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|Top to bottom, left to right: the Loire in central Nantes; the Castle of the Dukes of Brittany; the Pommeraye Arcade, and the Isle of Nantes between the branches of the Loire|
|Region||Pays de la Loire|
|Mayor|| Johanna Rolland (PS)|
|Land area1||65.19 km2 (25.17 sq mi)|
|Population2||298,029 (2016 census)|
|- Ranking||6th in France|
|- Density||4,572/km2 (11,840/sq mi)|
|Urban area||537.70 km2 (207.61 sq mi) (2008)|
|- Population||612782 (2013)|
|Metro area||3,302 km2 (1,275 sq mi) (2013)|
|- Population||908815 (2013)|
|Time zone||CET (GMT +1)|
|INSEE/Postal code||44109/ 44000, 44100, 44200 and 44300|
|1 French Land Register data, which excludes lakes, ponds, glaciers > 1 km² (0.386 sq mi or 247 acres) and river estuaries.|
|2 Population without double counting: residents of multiple communes (e.g., students and military personnel) only counted once.|
Nantes is a city in France, the prefecture of the Pays de la Loire region and the Loire-Atlantique department, on the Atlantic Ocean. From the 16th to the 19th centuries, it was the busiest slave trading port in France. Before 1941, Nantes was part of Brittany. The Gallo and Breton languages are spoken in the city. Jules Verne was a famous writer from Nantes.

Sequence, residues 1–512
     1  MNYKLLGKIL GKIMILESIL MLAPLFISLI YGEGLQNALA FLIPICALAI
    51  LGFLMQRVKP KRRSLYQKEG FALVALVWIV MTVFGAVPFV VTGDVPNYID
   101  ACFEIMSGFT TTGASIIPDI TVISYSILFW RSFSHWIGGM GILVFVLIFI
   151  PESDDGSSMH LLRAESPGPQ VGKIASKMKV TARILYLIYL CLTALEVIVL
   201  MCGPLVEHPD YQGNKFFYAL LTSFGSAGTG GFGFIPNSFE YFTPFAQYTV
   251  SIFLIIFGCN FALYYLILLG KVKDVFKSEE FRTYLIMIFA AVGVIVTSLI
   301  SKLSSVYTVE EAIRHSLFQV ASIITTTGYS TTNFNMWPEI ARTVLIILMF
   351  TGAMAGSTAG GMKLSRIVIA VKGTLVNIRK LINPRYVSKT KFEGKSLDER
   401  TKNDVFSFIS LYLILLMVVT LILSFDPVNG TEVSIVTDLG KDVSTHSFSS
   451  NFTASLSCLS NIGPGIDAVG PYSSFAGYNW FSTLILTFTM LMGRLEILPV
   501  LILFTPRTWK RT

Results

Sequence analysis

- Audencia Nantes School of Management
- École pour l'informatique et les nouvelles technologies
- Institut supérieur européen de gestion group
- Institut catholique d'arts et métiers
- Institut supérieur européen de formation par l'action
Nantes has town twinning and cooperation agreements with:
The city has friendship relations with:
- Guinea, since 1992.
- St. Martinville, Louisiana, U.S., since 1993.
- Jericho, West Bank, since 2001.
- Desdunes and Petionville, Haiti, since 2005.
- Nantes, Quebec, Canada, since 2009.
La Marie Séraphique, a slave ship that traveled from Nantes
- Tibbles, Anthony (2000). "Ports of the Transatlantic slave trade" (in en). https://www.liverpoolmuseums.org.uk/ports-of-transatlantic-slave-trade. "Again in France we can come up with a list of nearly 20 ports which were involved with the trade at some point but there were four principal slaving ports: Nantes, Bordeaux, La Rochelle and Le Havre. Over the period, Nantes sent 45% of all the ships in the French trade the other three sending 11% of the trade each and the rest shared between the other ports."